Susan, this seems to be striking a chord with a lot of people. The mis-infographic from Prevention Magazine is truly egregious.

  2. July 23, 2014 at 2:46 pm, Zola said:

    I couldn’t help but notice this about the study’s authors:

    Disclosure: JOH serves as an advisor to The Coca Cola Company, McDonalds, and the Walt Disney Company. JOH and HRW have received research funding from the American Beverage Association. SAR is an employee of The Coca-Cola Company.

    While I think there may still be merit to the study, I am always cautious when I see a clear conflict of interest.

    • July 23, 2014 at 5:21 pm, Ted said:

      Zola, in response to your comment, some of the most egregious bias I see comes in the form of “white hat” bias from people who believe so deeply in their righteous cause that they distort their conclusions for free. The infographic from Prevention Magazine might be an embodiment of such bias. Such bias is seldom directly disclosed. Another concern is the documented tendency to pay more attention to the funding of a study than the quality of its data, documented here in NEJM.

      The researchers involved in the National Weight Control Registry study, most notably Jim Hill and Rena Wing, have distinguished reputations that they have earned and protected over a lifetime. They should indeed offer their expertise to organizations who can affect the lives of so many people and they should be compensated when they do.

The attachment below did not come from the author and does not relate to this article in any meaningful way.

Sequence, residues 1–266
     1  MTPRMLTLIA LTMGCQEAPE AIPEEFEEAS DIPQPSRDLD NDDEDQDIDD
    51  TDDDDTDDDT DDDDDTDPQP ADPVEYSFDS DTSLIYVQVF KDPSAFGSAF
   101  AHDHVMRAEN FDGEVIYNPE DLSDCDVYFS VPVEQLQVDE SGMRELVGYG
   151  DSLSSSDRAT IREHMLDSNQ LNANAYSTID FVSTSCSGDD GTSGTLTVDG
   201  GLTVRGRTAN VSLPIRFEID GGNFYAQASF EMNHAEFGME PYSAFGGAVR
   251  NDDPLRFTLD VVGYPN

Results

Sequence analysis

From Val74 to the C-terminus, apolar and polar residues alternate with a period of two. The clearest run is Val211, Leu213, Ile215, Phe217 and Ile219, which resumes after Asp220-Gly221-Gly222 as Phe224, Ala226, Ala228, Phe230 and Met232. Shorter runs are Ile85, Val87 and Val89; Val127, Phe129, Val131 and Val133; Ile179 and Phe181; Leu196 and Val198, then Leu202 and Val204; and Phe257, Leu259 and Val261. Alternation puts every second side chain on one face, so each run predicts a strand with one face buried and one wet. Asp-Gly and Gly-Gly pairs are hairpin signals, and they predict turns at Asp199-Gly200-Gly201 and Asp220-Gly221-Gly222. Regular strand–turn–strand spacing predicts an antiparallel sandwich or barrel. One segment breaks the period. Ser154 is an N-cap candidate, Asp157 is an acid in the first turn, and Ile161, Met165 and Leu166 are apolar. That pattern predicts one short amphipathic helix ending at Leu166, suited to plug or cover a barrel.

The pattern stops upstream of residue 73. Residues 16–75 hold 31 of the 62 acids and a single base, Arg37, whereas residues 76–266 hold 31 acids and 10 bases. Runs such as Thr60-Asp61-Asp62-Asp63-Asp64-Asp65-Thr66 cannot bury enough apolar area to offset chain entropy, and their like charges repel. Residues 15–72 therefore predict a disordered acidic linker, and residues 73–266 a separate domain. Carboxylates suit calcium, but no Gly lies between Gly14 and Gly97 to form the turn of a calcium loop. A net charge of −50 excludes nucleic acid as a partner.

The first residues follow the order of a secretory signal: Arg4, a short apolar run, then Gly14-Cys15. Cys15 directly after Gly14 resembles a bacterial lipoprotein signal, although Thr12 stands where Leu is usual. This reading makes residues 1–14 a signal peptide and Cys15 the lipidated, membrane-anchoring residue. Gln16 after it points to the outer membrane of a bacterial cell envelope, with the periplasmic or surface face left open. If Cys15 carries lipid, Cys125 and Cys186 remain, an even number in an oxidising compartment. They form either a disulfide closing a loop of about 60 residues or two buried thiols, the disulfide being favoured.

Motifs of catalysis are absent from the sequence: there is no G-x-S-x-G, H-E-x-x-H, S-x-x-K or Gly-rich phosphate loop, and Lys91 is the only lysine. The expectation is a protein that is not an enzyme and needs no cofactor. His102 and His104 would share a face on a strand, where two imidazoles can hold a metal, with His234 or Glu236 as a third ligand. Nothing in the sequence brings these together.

For more on this subject, I suggest you read this position statement of the Obesity Society.

  3. July 23, 2014 at 5:06 pm, Maria Faires, RD said:

    I don’t see any reason to completely eliminate diet soda from someone’s diet if they really like it. In the context of an overall healthy diet I feel there is little to no harm. I counsel my clients to limit their consumption to one a day.

  4. July 26, 2014 at 3:34 am, Sigrid gibson said:

    Thank you for your thoughtful article and follow up comments. The tendency to disregard legitimate science funded via industry is concerning and comes close to character assassination of respected scientists.
    Would it be popular to fund these studies entirely from the public purse?

  5. July 26, 2014 at 5:30 pm, Angela Wills said:

    I feel that fizzy juice can help in certain circumstances:-)eg getting ur sugar level back after a big operation and i couldnt drink or eat for 5days so i was on empty plus it showed in my urine i needed sugar:-)so i got toldaby my doc to drink flat fizzy sugary juice to get my sugar level back up and it did even tho i didnt want to drink the stuff cos i da drink fizzy it does have some good going for it:-)even tho they take the sugarmout they stil leave the artificial colours and e numbers in them i think they do more harm.

  6. August 01, 2014 at 2:02 pm, Becky S said:

    I’m surprised to see you quote anything from Prevention magazine. I do not consider them a reliable science-based organization. Stick to those backed by clinical trials! Fair and balanced!

    • August 01, 2014 at 5:48 pm, Ted said:

      Becky, I quote Prevention as being a source of dogma that is not grounded in evidence. So, I agree with you completely. Unfortunately, they present themselves as being credible and reach about 10 million readers a month. So I think it’s worth mentioning their transgressions.